Tomato plants also need at least 6 hours of sunlight daily, but your plant will thrive best with 8 hours or more.
If your plant does not receive adequate sunlight, it likely won’t flower or produce fruits.
You may need to move your tomato plant around your garden to ensure it gets the most light possible.
Aside from getting the light levels right, don’t forget to properly space your tomato plants to avoid competition among them.
Aiding with your tomato plant’s pollination may also help encourage the fruits to grow faster.
Although tomato plants are self-pollinating, the process can take longer if bumblebees and insects don’t often visit your garden.
The wait can especially be lengthened if you live in an area with little wind to circulate the pollen on your plant.
This process can be helped by simply shaking the branches of your tomato plant a few times a day, naturally increasing pollen circulation.
Additionally, some gardeners choose to cross-pollinate their tomato plants by hand. You can do this using a fine brush or a popsicle stick.
Place the brush or stick inside a blossom on your plant, and use that stick to touch a blossom on another plant.
Pollinating by hand is extremely useful if you grow your tomatoes in a greenhouse, where the movement of the air is relatively low.
It can also be much more successful than letting your tomato plant self-pollinate and can result in you yielding more than three times your usual tomato crop.
How long does it take for Cherry Tomatoes to grow?
Cherry tomatoes mostly take 60 to 65 days to grow. They are fast growers and can be harvested earlier than other tomatoes. If you want to harvest cherry tomatoes faster, buy seedlings instead of seeds.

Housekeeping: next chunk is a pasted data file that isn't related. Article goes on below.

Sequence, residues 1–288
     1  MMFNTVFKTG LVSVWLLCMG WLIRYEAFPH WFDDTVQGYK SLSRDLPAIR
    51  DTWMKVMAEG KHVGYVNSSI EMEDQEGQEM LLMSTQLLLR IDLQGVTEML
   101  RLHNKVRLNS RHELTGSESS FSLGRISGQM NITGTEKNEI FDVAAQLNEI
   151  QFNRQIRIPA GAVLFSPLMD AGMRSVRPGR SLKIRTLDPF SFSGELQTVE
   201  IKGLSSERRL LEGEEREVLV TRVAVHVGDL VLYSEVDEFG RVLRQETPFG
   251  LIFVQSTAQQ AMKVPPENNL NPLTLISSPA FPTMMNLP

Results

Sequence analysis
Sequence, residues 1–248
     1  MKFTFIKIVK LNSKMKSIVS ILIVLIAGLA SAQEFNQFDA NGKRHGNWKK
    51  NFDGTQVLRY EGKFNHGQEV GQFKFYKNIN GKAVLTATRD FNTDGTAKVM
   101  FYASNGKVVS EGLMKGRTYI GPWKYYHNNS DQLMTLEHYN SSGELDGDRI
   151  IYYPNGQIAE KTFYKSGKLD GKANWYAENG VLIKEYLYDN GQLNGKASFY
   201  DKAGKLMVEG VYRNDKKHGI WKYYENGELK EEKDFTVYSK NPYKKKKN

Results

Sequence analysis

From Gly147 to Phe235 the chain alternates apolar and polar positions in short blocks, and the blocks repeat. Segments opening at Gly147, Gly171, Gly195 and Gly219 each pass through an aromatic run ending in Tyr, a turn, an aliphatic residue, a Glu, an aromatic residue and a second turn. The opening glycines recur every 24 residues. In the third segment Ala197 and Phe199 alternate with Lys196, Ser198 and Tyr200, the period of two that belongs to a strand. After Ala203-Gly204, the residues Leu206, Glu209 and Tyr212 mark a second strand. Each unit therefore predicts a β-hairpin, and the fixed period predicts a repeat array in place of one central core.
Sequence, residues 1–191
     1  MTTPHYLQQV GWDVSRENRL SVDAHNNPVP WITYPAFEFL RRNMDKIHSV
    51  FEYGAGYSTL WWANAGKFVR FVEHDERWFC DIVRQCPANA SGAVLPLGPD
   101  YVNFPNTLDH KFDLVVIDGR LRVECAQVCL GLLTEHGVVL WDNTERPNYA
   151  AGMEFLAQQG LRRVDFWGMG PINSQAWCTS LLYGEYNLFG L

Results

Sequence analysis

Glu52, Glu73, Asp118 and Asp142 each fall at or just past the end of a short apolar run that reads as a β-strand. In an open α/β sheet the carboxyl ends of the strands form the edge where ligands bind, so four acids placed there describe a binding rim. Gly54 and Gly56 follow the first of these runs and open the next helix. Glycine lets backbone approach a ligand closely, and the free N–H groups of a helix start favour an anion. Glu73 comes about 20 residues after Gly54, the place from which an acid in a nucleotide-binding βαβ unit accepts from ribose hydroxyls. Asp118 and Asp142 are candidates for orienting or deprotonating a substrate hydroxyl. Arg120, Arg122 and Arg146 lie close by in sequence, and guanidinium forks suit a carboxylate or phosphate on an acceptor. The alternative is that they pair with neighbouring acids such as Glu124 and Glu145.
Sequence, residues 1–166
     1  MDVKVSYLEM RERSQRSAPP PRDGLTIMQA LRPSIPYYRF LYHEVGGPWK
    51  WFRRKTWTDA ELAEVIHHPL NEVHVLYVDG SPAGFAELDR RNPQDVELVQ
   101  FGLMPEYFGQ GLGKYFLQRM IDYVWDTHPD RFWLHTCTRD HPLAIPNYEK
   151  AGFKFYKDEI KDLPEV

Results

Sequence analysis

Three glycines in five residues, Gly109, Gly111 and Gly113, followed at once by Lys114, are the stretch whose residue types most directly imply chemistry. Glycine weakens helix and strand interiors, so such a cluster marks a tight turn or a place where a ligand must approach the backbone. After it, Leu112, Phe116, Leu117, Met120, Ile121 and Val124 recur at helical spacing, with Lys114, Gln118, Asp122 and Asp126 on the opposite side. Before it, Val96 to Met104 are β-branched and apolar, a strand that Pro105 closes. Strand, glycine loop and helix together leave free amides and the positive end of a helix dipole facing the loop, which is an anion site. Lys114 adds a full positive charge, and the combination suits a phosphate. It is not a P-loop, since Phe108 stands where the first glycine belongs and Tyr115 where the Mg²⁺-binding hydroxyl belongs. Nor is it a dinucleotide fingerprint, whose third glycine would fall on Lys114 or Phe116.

Depending on the cultivar, the days till harvest might vary.
Here are three cherry tomato cultivars and their time to harvest according to Delaware University:
- Early Cherry (55 days)
- Sun Gold (57 days)
- Gardener’s Delight (65 days)
Frequently Asked Questions
How much fruit does a tomato plant produce?
On average, each tomato plant produces around 5 to 10 fruits. However, this is dependent on variety, as some may produce more.
How long is the typical lifespan of a tomato plant?
The lifespan of a tomato plant is around 6 months, although some newer varieties have been bred to last even longer.
Why don’t I see my tomato plants bearing fruit?
If your tomato plant isn’t producing fruit, likely, it isn’t getting the care it needs. Ensure that your plant gets the right amount of water and at least 6 hours of sunlight a day.
Why is my tomato plant flowering but not producing fruit?
The most common reason for a tomato plant to flower but not produce fruit is that it is not pollinated. Outdoors, insects such as bees, and the wind will pollinate the plants. Indoors you have to pollinate by hand or using a ventilator. Other reasons for now fruits are environmental stress, such as heat and cold, as well as pest and diseases.
The time for tomatoes to bear fruit:
- It can take between 20 days to 50 days
- It depends on the variety
- Cherry tomatoes mostly take 60 to 65 days to grow
Daniel has been a plant enthusiast for over 20 years. He owns hundreds of houseplants and prepares for the chili growing seasons yearly with great anticipation. His favorite plants are plant species in the Araceae family, such as Monstera, Philodendron, and Anthurium. He also loves gardening and is growing hot peppers, tomatoes, and many more vegetables.